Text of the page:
Initially, the MMP was privately funded, but it has since received millions of dollars in state and federal funding because it's promoted as a major success to policy makers and the media. However, the review found that those in charge of the MMP emphasized only positive findings and overlooked the numerous negative results when touting the program.
The program and public funding should be put on hold until further research can determine its effectiveness, said review author David Erceg-Hurn, who's currently completing a Ph.D. in clinical psychology at the University of Western Australia. He dismissed claims that MMP has reduced meth use in Montana.
"Meth use had been declining for at least six years before the ad campaign commenced, which suggests that factors other than the graphic ads cause reductions in meth use. Another issue is that the launch of the ad campaign coincided with restrictions on the sale of cold and flu medicines commonly used in the production of meth. This means that drug use could be declining due to decreased production of meth, rather than being the result of the ad campaign," Erceg-Hurn said in a Society for Prevention Research news release.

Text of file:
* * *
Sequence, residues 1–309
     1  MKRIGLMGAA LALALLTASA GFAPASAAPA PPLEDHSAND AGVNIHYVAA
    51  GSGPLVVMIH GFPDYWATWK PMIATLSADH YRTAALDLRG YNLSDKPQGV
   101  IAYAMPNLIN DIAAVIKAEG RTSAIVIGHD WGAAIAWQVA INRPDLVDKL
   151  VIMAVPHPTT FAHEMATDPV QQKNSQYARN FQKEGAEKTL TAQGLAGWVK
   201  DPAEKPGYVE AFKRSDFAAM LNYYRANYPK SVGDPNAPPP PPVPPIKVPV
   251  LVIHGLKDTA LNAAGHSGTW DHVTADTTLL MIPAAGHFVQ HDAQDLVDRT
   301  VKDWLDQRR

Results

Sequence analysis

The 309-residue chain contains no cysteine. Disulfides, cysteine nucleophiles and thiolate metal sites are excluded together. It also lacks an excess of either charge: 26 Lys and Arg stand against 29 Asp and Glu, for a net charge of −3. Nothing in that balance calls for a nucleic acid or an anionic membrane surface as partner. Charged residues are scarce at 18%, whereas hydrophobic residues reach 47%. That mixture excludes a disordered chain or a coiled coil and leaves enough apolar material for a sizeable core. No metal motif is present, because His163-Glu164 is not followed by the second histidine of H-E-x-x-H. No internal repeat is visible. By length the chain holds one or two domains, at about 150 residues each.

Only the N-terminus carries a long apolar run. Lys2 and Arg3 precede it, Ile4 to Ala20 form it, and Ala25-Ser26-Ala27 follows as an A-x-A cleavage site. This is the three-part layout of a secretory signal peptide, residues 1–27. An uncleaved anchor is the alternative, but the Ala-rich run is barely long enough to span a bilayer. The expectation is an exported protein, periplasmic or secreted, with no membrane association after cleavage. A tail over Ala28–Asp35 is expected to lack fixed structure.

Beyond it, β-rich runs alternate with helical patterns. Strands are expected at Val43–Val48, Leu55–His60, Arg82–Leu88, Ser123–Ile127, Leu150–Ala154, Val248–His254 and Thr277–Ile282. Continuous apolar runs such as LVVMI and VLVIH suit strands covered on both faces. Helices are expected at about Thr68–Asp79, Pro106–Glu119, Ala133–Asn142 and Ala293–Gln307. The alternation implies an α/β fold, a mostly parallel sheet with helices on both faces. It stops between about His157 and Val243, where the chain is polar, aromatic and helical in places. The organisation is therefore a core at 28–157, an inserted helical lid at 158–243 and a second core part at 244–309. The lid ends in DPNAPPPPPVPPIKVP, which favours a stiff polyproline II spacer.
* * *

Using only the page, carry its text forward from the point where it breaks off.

He also attacked the theory underlying the MMP's graphic ad campaign.
"The idea behind the ad campaign is that teenagers take meth because they believe it is socially acceptable, and not risky, and the ads are meant to alter these perceptions. However, this theory is flawed because the Meth Project's own data shows that 98 percent of teenagers strongly disapproved of meth use and 97 percent thought using meth was risky before the campaign started," Erceg-Hurn said.
The study was published in the December issue of the journal Prevention Science.
The U.S. National Institute on Drug Abuse has more about methamphetamine.
SOURCE: Society for Prevention Research, news release, Dec. 11, 2008